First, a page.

|About the Book|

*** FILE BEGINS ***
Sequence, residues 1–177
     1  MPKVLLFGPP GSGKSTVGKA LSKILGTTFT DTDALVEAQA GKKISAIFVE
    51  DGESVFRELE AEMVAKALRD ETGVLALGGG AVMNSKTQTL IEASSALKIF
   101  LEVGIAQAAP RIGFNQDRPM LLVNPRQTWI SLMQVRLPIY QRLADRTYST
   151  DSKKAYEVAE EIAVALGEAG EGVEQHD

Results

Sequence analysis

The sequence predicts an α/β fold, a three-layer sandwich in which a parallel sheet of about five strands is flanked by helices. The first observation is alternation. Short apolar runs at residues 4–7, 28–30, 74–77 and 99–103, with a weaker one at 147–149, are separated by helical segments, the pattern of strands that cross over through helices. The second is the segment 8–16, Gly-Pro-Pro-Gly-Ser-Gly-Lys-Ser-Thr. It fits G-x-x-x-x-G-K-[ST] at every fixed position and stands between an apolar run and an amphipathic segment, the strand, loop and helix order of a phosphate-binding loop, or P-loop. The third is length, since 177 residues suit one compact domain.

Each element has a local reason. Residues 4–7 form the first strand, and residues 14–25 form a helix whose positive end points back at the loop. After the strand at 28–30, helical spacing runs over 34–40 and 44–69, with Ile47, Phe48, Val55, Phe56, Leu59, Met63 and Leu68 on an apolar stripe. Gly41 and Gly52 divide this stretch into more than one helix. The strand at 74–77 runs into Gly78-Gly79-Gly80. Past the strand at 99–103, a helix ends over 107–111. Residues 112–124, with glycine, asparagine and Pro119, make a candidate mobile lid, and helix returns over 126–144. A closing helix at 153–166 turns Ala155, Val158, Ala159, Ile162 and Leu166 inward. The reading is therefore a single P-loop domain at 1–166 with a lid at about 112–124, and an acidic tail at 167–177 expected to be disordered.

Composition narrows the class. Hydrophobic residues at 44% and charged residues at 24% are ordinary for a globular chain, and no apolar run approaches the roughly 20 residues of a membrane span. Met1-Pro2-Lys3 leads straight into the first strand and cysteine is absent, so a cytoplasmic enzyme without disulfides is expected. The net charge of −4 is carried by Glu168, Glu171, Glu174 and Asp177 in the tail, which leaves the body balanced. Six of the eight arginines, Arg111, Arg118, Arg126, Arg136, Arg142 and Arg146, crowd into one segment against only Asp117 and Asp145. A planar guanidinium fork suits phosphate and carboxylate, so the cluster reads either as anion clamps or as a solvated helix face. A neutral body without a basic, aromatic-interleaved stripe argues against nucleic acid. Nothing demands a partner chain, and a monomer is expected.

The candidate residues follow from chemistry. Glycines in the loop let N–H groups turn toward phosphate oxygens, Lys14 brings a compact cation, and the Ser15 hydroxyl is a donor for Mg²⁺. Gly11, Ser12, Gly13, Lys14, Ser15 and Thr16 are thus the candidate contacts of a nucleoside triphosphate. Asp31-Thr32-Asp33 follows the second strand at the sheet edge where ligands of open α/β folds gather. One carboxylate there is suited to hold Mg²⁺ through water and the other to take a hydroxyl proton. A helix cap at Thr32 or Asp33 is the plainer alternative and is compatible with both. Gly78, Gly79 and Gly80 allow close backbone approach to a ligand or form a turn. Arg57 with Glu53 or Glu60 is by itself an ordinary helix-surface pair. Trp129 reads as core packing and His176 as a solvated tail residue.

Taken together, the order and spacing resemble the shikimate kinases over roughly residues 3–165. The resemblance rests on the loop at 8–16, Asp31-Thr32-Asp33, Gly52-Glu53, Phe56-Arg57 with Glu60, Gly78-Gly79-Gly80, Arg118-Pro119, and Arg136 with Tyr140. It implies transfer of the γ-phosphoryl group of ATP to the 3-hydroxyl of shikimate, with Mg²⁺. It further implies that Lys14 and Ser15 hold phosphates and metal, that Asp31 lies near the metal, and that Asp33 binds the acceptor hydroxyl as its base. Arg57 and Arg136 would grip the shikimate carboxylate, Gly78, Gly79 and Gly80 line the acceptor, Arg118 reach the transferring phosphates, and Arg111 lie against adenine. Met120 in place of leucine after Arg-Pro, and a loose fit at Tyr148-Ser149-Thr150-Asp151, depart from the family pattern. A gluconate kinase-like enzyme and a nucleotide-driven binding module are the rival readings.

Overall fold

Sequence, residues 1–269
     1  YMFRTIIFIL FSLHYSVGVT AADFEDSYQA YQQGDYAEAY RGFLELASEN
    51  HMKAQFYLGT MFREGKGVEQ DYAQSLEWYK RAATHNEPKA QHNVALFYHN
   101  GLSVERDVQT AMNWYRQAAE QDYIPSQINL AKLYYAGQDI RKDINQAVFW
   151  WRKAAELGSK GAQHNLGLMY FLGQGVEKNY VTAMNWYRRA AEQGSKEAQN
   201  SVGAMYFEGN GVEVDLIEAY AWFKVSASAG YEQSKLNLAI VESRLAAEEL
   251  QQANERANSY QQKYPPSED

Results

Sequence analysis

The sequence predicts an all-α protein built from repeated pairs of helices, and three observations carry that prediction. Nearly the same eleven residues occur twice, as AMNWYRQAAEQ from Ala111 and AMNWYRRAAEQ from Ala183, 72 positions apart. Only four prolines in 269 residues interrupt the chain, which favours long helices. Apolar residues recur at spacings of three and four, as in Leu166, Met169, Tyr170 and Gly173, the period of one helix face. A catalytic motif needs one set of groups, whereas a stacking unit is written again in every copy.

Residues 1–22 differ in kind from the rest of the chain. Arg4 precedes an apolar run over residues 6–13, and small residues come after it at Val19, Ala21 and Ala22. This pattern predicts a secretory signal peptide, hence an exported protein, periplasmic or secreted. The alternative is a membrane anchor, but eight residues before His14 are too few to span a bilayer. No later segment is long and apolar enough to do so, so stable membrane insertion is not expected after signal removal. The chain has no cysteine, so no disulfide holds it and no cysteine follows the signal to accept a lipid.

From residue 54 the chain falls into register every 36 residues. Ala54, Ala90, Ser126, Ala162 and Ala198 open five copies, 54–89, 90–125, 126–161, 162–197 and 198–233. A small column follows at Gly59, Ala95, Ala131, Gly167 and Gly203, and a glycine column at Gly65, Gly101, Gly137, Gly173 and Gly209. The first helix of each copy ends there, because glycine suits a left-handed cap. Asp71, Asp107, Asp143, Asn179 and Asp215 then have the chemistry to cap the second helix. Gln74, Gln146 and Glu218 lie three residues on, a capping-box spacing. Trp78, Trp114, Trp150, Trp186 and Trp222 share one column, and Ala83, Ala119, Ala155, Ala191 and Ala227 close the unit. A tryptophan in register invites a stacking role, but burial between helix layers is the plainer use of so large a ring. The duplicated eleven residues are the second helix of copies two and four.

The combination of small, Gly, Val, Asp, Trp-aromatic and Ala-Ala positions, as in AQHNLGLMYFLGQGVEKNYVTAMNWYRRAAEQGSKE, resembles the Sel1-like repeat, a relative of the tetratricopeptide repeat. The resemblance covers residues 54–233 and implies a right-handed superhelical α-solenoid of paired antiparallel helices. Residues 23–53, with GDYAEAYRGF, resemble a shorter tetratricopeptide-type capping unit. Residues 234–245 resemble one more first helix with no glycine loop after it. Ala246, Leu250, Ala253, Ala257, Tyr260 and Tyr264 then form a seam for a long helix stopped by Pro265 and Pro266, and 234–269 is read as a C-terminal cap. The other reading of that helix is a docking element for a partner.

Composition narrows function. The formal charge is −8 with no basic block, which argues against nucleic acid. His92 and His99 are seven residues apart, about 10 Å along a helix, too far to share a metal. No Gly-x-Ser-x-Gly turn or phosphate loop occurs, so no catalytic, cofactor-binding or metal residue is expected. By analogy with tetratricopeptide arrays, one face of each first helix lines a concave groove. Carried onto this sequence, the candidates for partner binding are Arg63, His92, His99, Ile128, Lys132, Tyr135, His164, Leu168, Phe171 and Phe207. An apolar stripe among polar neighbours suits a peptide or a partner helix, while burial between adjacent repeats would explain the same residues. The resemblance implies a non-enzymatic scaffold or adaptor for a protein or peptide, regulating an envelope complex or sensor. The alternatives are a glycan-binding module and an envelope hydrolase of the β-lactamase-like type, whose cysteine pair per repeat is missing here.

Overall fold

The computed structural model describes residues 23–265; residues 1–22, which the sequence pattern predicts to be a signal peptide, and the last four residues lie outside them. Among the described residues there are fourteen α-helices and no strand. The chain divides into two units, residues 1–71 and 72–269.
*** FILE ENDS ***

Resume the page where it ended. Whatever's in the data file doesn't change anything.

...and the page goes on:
Nowadays many people think it is un-healthy to think about death even in middle age, such is our expectation of living beyond the three score and ten years that the Bible allots to us! But before the twentieth century death was an ever presentMoreNowadays many people think it is un-healthy to think about death even in middle age, such is our expectation of living beyond the three score and ten years that the Bible allots to us! But before the twentieth century death was an ever present spectre with life expectancy for some people barely more than twenty years.Devon Epitaphs is an anthology collected from headstones and memorial plaques recorded in the county’s graveyards and churches. Epitaphs range from hyperbole extolling the attributes of the deceased, individually composed, to more poignant lines describing the virtues of those who suffered long, and date from the seventeenth century to the first half of the twentieth. Many others are examples of the ready-made poetry suggested to the bereaved by Victorian undertakers whilst some are from yet other sources. Amusing and heartrending by turn, these epitaphs tell fascinating stories in themselves, often works of literature and historical documents all in one, and unique testaments in the story of Devon’s past.A chance encounter with a book on family history, brought home by his wife in 1977, sparked an interest in historical research which led Michael Weller first to reading for a degree in History and Religious Studies. He was for many years a regular contributor to the monthly journal Bygone Kent and has also had a number of articles published in Family Tree Magazine. His work has appeared in both Descent and in Ancestor in Australia. Since moving to Devon in 2001 his research has been published in Devon Historian and The Regional Historian.His main research has been within the field of eighteenth and nineteenth century social history especially with reference to the Church of England. Forthcoming projects are focussing on the lives of Anglican clergy in Georgian and Victorian Devon. Michael Weller currently teaches history and religion part-time at a Devon school.